The latest Asus Hero motherboard hits the store shelves as a well-rounded, feature-laden solution in the upper-midrange tier of Z590 motherboards. From the more-than-capable 90A power phases and dual Thunderbolt 4 ports to the four PCIe 4.0 M.2 sockets and the premium audio bits, the board does its best to justify the $499.99 (opens in new tab) price.
Performance compared to the other Z590 models we’ve tested to this point was spot on, and often negligibly faster in many of our tests. Memory testing went without a hitch, with DDR4 3600 supported at 1:1 and easily handling the DDR4 4000 kit (at the expected 1:2 ratio). Performance and overclocking aren’t a concern.
If there is something I would like to see that needs improvement, I’d have to say the price. Due in part to tariffs and component shortages, plus the addition of PCIe 4.0, all of these Z590 based boards saw a more significant increase than we’re used to. Where we typically see $25-$50 increases generation over generation for the same board (this varies, of course), the Hero went up nearly 25% or $100. Outside of that, my only concern is more of a warning to keep an eye on lane sharing when using the M.2 sockets with PCIe/SATA-based devices. Since they use the PCIe slot’s bandwidth, you’ll want to pay attention to what is being slowed oe disabled as it isn’t just SATA ports.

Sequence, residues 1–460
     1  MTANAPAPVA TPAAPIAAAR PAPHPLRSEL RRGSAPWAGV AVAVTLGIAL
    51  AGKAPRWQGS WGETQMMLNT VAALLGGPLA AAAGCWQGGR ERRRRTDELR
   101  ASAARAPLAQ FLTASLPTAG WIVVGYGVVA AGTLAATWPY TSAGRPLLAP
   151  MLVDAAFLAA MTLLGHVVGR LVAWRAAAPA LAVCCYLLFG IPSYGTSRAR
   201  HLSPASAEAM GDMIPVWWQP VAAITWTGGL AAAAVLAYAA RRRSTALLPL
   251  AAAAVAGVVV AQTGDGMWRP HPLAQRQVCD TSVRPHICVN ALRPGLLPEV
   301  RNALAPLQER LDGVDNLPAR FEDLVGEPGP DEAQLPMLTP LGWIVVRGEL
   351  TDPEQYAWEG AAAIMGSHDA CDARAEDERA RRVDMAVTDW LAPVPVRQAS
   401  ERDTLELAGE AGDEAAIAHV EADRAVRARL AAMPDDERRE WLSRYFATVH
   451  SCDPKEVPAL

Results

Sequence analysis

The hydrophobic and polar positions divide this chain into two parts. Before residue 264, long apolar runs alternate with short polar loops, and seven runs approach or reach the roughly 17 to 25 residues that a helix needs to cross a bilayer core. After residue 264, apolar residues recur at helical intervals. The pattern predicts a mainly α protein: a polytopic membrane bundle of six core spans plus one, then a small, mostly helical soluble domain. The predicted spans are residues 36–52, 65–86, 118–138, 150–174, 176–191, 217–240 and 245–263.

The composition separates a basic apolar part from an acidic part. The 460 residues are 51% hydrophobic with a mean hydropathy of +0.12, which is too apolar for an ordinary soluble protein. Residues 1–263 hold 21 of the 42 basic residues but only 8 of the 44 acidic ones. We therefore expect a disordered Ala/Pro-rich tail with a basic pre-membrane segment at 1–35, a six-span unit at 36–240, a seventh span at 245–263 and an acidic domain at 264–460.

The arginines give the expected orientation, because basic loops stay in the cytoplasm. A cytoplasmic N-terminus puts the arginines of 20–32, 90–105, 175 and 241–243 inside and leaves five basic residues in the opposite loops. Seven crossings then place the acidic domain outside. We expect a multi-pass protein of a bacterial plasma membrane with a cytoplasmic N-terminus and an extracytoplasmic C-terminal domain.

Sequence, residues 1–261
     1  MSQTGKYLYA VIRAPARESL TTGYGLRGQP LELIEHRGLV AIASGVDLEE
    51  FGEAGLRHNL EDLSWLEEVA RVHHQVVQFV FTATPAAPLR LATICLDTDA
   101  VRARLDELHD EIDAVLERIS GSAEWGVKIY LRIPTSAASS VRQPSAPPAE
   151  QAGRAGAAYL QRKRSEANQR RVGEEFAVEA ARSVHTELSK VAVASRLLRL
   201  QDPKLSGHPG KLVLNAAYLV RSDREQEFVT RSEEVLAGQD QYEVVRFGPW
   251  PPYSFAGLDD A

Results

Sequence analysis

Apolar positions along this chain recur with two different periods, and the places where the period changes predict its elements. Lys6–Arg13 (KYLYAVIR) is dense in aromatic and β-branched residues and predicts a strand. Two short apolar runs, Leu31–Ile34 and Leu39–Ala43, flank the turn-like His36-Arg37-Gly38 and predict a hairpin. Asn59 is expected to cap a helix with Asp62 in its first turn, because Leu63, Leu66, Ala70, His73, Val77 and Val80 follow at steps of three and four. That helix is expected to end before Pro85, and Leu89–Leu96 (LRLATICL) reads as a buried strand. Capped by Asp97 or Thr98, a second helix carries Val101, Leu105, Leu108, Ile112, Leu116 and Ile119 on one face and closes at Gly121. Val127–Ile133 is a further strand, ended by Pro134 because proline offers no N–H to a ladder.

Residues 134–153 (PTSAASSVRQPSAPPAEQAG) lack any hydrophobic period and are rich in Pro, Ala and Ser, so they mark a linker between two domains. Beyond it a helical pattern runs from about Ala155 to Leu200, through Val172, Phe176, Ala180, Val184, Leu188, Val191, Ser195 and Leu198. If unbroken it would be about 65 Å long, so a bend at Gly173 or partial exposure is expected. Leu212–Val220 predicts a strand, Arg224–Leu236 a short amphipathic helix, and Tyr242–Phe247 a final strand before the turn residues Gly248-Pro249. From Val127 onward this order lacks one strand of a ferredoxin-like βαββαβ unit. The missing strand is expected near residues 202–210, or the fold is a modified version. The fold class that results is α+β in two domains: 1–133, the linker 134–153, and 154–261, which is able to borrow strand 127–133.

As far as competition at this price point, ASRock has the Z590 Taichi ($459.99) (opens in new tab), MSI’s MEG Z590 Ace ($499.99 (opens in new tab)), the Gigabyte Aorus Master ($409.99 (opens in new tab)), and there’s the Biostar Valkyrie as well ($400-$450). If M.2 storage options, high-end audio and power delivery are your primary drivers for buying, the Asus has you covered. If you need the fastest wired networking available, the Gigabyte and its 10 GbE should be your weapon of choice. Gigabyte’s Aorus Master is the least-expensive option of all these listed and is the best bang for the buck in this class.
Overall, the Asus ROG Maximus XIII Hero has the premium parts and looks to support its place at this price point. From its clean, high-end appearance to the robust power delivery, four M.2 sockets and premium audio solution, the Hero is a well-rounded motherboard. If you’re looking for an upper mid-range sub-$500 motherboard, the Maximus XIII Hero should be on your shortlist.